Saturday 26th July 2014
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FRIDAY ANALYSTS TICKER: July 25th 2014 - According to Adam Cordery, global head of European fixed income, Santander Asset Management, and fund manager for the Santander Euro Corporate Short Term and Euro Corporate bond funds, “Pricing of risk assets doesn’t offer much of a margin for error at the moment. And now Europe is starting to go on holiday, market liquidity may get poorer than normal, and any buys today may well have to be holds until September. It is always interesting to note what yields are required to attract clients to financial products. Twenty years ago, bond funds offering yields of 10%+ could generally attract lots of client interest very quickly. However as rates have come down over the years, so the yields clients demand have fallen. Now 4% seems to be the new 10%, he say. Cordery thinks that unfortunately, investors often want today the yield/risk mix that was available last year, so the products that get launched, sold and bought in size may be more risky than people think. “Products with 4% yield will sell well today, but to get to a 4% yield in Euro you need to invest in a portfolio with an average rating of single-B, and that is far from being risk-free. I get the impression the conventional wisdom today is to think that interest rates must surely go up soon and the main risk to bond portfolios is an increase in bund yields. Because of this many investors are buying short-duration products and floating rate notes, perhaps viewing them as a safe choice, almost like cash. It is possible however that these products may yet prove to have a considerable sensitivity to changes in credit market spreads and/or bond market liquidity, and may prove to be no protection at all.” - Commenting on the RBS share price jump, Dr Pete Hahn of Cass Business School, says “It's hard to tell whether the RBS share price jump today is more about relief or optimism. The former is about fewer fines, fewer losses on loans, and fewer costs in a shrinking business and possibly dividends for shareholders. And there's the rub, owning shares (as opposed to interest bearing debt) should be about optimism and long-term growth in dividends. But from a shrinking business? Few would argue that RBS' retail and corporate bank had efficiencies to be gained and cash flow that might be converted to dividends; yet like most banks, RBS' cost of equity remains stubbornly and appropriately above its ability to provide a return on that equity. For shareholders, current improvements should mean dividends in the medium term but a recognition that RBS may lack any merit for new investment and delivering any long-term dividend growth - not good. While many large retail banks are getting safer, in some aspects, and we often speak of them in terms of moving toward utility type models, banks take risks, are cyclical, face competition, have new business challengers, and are simply are not utilities. Investors shouldn't get ahead of themselves here.” - According to the monthly survey held by the central bank of Turkey, the country’s capacity utilization (CU) rate declined slightly to 74.9% in July from 75.3% in June. Meanwhile, seasonally adjusted (SA) CU also declined to 74.3% from 74.7% in June, writes Mehmet Besimoglu at Oyak Yatirim Research. As for manufacturing confidence, the index declined to 109 from 110.7 in May. On SA basis, the index also edged down slightly to 106.4 from 107.2. SA capacity utilisation was broadly stable in 1H14, averaging at 74.7%. This is the same level with the 2013 average. Despite the political turmoil and volatility in financial markets, activity has been relatively resilient. Export recovery & government spending supported production in 1H. Following the elections, public spending relatively decelerated. The turmoil in Iraq also decelerated export recovery from June. Nevertheless, we still expect 3.5% GDP growth in 2014, writes Besimoglu.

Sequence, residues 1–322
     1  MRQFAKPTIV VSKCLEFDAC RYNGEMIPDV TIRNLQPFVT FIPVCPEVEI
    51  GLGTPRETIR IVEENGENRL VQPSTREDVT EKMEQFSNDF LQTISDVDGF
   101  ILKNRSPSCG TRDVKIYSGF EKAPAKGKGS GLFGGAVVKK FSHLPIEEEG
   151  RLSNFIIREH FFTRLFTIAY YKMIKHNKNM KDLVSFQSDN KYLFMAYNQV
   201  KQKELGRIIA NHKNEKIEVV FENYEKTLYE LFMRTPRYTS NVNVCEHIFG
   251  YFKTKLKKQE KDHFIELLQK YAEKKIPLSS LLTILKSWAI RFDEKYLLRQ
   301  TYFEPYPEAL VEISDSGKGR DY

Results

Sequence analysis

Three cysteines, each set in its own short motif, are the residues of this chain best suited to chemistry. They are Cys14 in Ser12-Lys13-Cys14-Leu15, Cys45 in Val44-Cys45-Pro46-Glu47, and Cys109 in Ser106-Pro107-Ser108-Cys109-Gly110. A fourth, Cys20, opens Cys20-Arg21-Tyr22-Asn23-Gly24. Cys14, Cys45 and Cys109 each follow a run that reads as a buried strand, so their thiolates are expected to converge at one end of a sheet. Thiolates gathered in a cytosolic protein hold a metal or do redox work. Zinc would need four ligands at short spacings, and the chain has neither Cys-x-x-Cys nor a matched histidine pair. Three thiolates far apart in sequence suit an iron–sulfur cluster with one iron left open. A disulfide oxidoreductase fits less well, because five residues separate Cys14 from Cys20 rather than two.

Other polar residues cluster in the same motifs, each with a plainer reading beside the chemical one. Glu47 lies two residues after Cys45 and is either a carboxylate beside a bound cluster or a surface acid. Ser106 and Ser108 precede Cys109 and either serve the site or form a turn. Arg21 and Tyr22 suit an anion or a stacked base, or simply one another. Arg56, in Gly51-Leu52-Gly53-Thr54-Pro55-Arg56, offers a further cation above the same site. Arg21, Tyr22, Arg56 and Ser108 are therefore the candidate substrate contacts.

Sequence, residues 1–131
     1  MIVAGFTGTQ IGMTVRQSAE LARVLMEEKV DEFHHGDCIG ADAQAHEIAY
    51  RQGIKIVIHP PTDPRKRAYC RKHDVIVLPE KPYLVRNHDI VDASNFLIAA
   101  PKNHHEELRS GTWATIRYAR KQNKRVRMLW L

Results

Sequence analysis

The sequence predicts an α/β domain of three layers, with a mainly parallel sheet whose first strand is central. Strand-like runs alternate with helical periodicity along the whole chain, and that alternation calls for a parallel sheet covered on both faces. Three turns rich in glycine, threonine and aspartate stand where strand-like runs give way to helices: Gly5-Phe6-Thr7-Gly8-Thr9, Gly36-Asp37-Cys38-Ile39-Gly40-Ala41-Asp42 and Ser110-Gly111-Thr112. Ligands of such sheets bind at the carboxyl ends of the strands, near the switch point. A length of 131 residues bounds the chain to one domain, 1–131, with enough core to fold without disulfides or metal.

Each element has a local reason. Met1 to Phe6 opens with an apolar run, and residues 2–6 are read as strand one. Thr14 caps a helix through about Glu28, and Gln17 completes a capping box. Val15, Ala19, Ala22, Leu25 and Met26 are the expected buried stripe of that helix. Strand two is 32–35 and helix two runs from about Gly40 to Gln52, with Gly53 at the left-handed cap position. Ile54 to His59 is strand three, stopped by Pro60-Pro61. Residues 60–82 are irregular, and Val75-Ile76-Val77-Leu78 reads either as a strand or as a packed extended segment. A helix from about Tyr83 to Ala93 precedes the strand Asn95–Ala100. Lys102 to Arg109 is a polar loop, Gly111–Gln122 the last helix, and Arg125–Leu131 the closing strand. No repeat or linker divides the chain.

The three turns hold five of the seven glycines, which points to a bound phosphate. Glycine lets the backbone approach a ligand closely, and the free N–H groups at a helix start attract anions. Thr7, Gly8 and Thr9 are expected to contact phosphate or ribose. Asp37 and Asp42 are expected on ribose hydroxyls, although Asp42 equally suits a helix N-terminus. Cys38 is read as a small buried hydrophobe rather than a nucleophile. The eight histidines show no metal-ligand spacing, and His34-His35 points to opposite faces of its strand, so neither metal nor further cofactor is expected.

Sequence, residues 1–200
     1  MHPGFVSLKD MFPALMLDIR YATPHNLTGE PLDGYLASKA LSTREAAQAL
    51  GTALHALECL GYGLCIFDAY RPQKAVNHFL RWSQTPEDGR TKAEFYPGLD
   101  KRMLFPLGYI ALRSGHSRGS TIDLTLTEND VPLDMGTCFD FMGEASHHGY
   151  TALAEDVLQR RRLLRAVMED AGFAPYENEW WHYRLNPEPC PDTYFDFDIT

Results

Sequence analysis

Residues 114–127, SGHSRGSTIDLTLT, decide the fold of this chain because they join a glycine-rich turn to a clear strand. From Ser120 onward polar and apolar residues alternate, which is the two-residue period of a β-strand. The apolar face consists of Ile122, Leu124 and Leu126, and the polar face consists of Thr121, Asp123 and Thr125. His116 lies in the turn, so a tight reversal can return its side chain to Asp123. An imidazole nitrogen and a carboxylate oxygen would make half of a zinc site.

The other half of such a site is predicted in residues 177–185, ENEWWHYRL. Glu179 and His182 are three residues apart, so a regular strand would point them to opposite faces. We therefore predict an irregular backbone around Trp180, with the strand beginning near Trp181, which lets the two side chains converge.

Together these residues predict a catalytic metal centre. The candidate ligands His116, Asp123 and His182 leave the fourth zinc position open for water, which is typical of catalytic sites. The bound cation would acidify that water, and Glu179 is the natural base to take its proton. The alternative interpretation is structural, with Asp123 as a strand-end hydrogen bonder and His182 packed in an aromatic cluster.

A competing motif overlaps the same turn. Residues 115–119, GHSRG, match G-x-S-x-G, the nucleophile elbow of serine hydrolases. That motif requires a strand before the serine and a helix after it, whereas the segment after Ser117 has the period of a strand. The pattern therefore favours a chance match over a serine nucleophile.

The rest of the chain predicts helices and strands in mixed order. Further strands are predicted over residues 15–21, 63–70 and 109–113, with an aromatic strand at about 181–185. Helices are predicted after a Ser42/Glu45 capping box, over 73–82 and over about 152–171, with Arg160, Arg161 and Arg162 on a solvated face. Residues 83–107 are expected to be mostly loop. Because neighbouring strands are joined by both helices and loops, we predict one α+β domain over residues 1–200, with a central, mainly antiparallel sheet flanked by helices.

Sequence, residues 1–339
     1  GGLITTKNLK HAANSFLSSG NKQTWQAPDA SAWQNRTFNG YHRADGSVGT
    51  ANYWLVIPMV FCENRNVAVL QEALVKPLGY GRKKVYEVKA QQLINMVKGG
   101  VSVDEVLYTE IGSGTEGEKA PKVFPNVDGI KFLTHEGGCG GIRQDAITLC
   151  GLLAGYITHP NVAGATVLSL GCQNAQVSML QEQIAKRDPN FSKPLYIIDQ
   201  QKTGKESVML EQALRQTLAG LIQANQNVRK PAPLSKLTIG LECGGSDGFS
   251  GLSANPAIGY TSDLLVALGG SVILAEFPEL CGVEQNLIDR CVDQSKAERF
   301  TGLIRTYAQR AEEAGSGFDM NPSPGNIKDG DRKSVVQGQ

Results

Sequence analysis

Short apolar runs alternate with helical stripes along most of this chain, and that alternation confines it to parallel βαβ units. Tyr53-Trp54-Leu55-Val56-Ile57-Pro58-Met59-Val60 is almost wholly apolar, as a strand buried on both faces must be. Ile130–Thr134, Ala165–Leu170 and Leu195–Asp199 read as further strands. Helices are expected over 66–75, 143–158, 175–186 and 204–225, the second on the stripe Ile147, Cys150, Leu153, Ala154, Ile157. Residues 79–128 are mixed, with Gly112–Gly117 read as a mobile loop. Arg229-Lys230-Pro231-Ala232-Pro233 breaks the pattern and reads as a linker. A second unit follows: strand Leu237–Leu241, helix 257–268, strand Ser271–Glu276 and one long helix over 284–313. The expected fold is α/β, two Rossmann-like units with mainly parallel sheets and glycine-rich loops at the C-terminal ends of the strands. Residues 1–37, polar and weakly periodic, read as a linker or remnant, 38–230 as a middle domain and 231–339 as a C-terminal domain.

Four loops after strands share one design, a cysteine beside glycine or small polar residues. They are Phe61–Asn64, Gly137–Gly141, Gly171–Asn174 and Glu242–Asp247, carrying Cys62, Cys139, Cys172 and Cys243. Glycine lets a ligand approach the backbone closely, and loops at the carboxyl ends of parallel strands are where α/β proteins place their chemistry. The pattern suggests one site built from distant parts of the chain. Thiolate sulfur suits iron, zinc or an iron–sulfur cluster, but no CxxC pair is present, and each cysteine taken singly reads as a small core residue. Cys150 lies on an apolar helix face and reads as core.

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The European Review

By Patrick Artus, chief economist at Natixis

The Calculation for Spain

Tuesday, 31 July 2012 Written by 
The Calculation for Spain To alleviate its debt and escape its state of crisis, we think Spain has two strategies to choose from. The first one, already in place since 2009, involves a reduction in the fiscal and external deficits while accepting aid from other eurozone countries. If Spain were to continue with this strategy, it would need to incorporate regular debt purchases by the ECB and possibly the ESM, and provide assistance to recapitalise its banks. The second strategy would be to leave the euro, which would mean a default on its gross external debt and a sharp devaluation of its currency. Both of these strategies contain negatives that need to be considered: the question is, which one would be the least detrimental to the country’s economic future? http://www.ftseglobalmarkets.com/

To alleviate its debt and escape its state of crisis, we think Spain has two strategies to choose from. The first one, already in place since 2009, involves a reduction in the fiscal and external deficits while accepting aid from other eurozone countries. If Spain were to continue with this strategy, it would need to incorporate regular debt purchases by the ECB and possibly the ESM, and provide assistance to recapitalise its banks.

The second strategy would be to leave the euro, which would mean a default on its gross external debt and a sharp devaluation of its currency.

Both of these strategies contain negatives that need to be considered: the question is, which one would be the least detrimental to the country’s economic future?

Strategy One: Spain's present strategy of adjustment...A Catch-22 situation?